Toasting Pinole Valley
T H E B E ST G R E E N D E A L I N T H E C I T Y ’ S H I STORY
By George R. Vincent, Co-founder Pinole Historical Society
Are you new to Pinole, or have you been living here with no
time to delve into its rich history?
History can easily become a casualty of our hurry-up society
of texting mania and drive-through fast foods. When your kids
ask for homework help with a Pinole history assignment, do
you embarrassingly have to tell them to go ask mom or dad, or
grandma or grandpa? Well, help is on the way. This historical
tour will give you a thumbnail introduction to one of our
community’s historical pillars. Perhaps it will even give you a
more satisfactory mental high than your Starbucks Espresso
Pinole’s roots extend in many directions. However, to appreciate
the town’s beginnings and growth, we must look to the rural
Pinole Valley hinterland.
An 1880s history book described Pinole as “The little hamlet
by the pebbly bay, located at the mouth of the beautiful valley
by the same name.” By the 1920s, a local contest officially
nicknamed Pinole “The Sunkissed Gem by the Bay.”
The San Pablo Bay and Pinole Valley were to figure prominently
in Pinole’s population growth and attraction of residents.
Pinole’s yawn time as a sleepy village and the rural face of
Pinole Valley both ended with the opening of the I-80 freeway
in the late 1950s.
The freeway surgically cut Old Town Pinole from its supporting
farms and ranches. The new roadway provided job links to
nearby work locations, and almost overnight transformed Pinole
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into a suburban community with an explosive population
Cattle-grazing lands and tomato fields were replaced by tract
homes, as displaced ranchers sold to developers.
The Samuel Tennent family had laid out the town of Pinole
in blocks and lots in 1887.ˇHowever, large subdivisions were a
phenomena in Pinole.
In 1954 and 1955, Normandie Acres was developed near the
bay. Tara Hills began in 1951 and grew until the 1960s. By 1955,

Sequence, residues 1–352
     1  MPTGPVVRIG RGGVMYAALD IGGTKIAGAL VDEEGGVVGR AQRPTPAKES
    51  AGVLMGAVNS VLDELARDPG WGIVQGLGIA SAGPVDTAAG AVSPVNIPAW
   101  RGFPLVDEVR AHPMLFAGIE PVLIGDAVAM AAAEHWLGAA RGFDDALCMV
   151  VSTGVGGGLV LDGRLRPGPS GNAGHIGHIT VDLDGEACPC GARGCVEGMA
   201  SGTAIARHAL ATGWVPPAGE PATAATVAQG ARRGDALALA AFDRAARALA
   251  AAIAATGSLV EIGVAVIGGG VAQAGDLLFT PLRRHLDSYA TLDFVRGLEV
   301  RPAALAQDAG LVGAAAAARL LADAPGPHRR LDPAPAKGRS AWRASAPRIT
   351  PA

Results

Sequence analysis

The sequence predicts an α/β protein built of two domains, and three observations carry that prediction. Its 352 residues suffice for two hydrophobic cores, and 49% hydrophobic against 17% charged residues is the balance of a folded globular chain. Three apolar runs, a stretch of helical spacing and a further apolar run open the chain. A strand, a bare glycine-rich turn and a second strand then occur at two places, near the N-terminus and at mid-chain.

Pinole Valley’s turn came.
Building took off between Pinole Valley Road and Pinole
Creek with the new Pinole Estates and long roads called Estates
Avenue and Ramona Drive.
By 1967, an even larger development of swank homes called
Silvercreek made the scene, having the unbelievable price tag in
the mid $30,000 range.
Frances Ellerhorst School was built in the valley in the early
1960s to accommodate the influx of new children. In 1967, the
new Pinole Valley High School was built on the site of the old
The old downtown Pinole School on the Hill, built in 1906,
served as the new junior high and was bursting at its green
seams with students.
Pinole Valley’s real claim to fame was its deserved recognition as
the starting place of Pinole’s history. The valley’s first subdivision
of sorts was actually a large rancho. Its name, Rancho El Pinole,
baptized the 18,000 acres in 1823 with a lasting name.
The area then was described as a wild and dangerous place,
with marauding Indians, deer, elk, and huge grizzly bears. Don
Ygnacio Martinez was granted the land for his 41 years of
service as a soldier on the California frontier.
The rancho was named after friendly Indians fed Spanish
soldiers in the region a mush-like mixture, a gruel made of
grains and acorns the soldiers called “Penole.” The food stuck to
their insides and the name stuck to the site.
Don Ygnacio built an adobe home in the valley in 1836 and
brought his wife, Maria, and his large family there from San Jose.
His family was to number 13 in all, with nine daughters and
two sons. For protection, a brass cannon was mounted by the
I-80 freeway collapse in Pinole 5-12-69